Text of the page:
Besides Harrison and Lynne, other artists involved in the sessions included Jim Keltner and Ringo Starr on drums, Eric Clapton on guitar and both Gary Wright and Elton John on piano. (The latter was recovering from vocal surgery, at the time.) With new-found enthusiasm, Harrison actively promoted the album, even appearing with Starr at the Prince's Trust Concert that June to perform "While My Guitar Gently Weeps" and "Here Comes the Sun".
The cover features Harrison's first American-made guitar, a 1957 Gretsch 6128 that he purchased in Liverpool in 1961. Harrison called it his "old black Gretsch". Harrison gave the guitar to his longtime friend, Klaus Voormann who kept it for 20 years. The guitar had been left in Los Angeles and had been modified. Harrison asked for the return of the guitar, had it restored and used it for the cover shoot.
Release and aftermath
|Encyclopedia of Popular Music|||
|Los Angeles Times|||
|The Village Voice||B–|
Harrison's cover of Rudy Clark's little-known song "Got My Mind Set on You" quickly reached number 1 in the United States and number 2 in the United Kingdom. It was Harrison's first single to top the US charts since "Give Me Love (Give Me Peace on Earth)" in 1973. A few weeks later, Cloud Nine was released to high anticipation and a favourable critical reception.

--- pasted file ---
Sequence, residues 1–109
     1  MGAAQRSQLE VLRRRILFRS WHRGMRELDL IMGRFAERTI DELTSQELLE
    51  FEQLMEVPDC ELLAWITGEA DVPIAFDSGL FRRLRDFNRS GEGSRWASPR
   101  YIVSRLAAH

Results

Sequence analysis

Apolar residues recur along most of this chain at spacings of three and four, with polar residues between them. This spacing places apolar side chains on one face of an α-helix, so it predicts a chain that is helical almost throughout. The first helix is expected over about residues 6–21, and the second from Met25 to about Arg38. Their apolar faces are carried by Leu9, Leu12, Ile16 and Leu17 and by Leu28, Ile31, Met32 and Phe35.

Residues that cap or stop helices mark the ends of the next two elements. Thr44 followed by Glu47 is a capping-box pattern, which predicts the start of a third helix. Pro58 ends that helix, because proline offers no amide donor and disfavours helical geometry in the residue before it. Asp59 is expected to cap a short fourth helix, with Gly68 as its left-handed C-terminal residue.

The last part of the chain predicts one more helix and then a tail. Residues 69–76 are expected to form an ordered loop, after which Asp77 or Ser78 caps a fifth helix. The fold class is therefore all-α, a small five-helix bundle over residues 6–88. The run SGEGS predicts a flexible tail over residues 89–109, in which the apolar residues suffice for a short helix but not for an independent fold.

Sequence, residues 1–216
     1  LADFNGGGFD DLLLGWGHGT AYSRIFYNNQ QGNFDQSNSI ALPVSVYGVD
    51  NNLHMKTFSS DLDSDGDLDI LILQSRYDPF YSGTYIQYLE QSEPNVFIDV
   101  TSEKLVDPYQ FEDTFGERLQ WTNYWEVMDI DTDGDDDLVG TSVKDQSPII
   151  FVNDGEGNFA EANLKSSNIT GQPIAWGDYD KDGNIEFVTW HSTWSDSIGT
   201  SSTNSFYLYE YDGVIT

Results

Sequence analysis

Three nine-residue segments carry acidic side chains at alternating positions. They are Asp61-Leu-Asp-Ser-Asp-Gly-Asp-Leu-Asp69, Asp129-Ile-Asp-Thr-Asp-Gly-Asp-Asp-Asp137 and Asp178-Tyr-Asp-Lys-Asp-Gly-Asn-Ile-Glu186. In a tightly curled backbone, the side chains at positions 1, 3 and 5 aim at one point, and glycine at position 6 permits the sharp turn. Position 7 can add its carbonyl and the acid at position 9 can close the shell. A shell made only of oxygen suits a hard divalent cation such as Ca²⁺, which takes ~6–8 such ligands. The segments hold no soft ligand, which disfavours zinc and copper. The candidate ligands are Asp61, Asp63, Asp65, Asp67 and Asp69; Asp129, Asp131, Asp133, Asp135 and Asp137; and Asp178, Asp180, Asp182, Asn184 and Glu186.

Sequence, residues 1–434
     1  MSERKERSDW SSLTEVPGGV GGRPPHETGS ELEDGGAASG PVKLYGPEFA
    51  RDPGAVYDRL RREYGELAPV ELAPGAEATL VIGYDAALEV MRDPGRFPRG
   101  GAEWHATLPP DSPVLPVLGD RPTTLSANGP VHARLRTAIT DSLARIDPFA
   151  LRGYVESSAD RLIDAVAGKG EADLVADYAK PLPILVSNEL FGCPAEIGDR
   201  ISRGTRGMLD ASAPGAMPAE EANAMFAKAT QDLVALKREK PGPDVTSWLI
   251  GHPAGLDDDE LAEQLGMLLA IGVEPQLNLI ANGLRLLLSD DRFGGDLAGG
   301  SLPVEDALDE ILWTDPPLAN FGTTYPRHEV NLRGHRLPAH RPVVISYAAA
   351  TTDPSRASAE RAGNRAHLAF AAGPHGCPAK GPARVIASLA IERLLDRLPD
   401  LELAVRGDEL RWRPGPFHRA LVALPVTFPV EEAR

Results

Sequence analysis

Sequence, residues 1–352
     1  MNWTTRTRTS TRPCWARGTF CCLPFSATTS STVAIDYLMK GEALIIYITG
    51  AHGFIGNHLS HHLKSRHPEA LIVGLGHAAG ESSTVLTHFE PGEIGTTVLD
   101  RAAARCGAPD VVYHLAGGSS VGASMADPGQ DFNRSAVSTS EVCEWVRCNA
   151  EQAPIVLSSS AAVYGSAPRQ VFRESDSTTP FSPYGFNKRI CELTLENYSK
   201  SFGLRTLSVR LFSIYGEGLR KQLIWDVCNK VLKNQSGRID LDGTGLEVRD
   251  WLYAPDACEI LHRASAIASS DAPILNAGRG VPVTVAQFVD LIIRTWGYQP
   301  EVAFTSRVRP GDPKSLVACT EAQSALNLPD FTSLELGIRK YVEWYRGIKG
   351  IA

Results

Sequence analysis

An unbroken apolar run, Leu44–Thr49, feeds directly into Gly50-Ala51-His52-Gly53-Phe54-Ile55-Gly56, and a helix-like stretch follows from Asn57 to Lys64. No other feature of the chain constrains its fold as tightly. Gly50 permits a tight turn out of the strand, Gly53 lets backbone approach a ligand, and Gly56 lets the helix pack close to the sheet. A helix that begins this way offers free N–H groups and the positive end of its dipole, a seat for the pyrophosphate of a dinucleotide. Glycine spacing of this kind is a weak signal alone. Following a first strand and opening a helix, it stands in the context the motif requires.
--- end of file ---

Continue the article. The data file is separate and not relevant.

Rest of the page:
The album went to number 10 in the UK. In the US, it peaked at number 8 on the Billboard 200 chart and number 4 on the Cash Box Top 200, and achieved platinum status. It was also number 1 on Cash Box's Top 40 Compact Discs chart. The success of the single "Got My Mind Set on You" and its accompanying video re-introduced Harrison to the mainstream. The Beatles tribute song "When We Was Fab" was a successful follow-up single, reaching the top 25 in both the UK and US. The next single, "This Is Love", was a minor hit in the UK.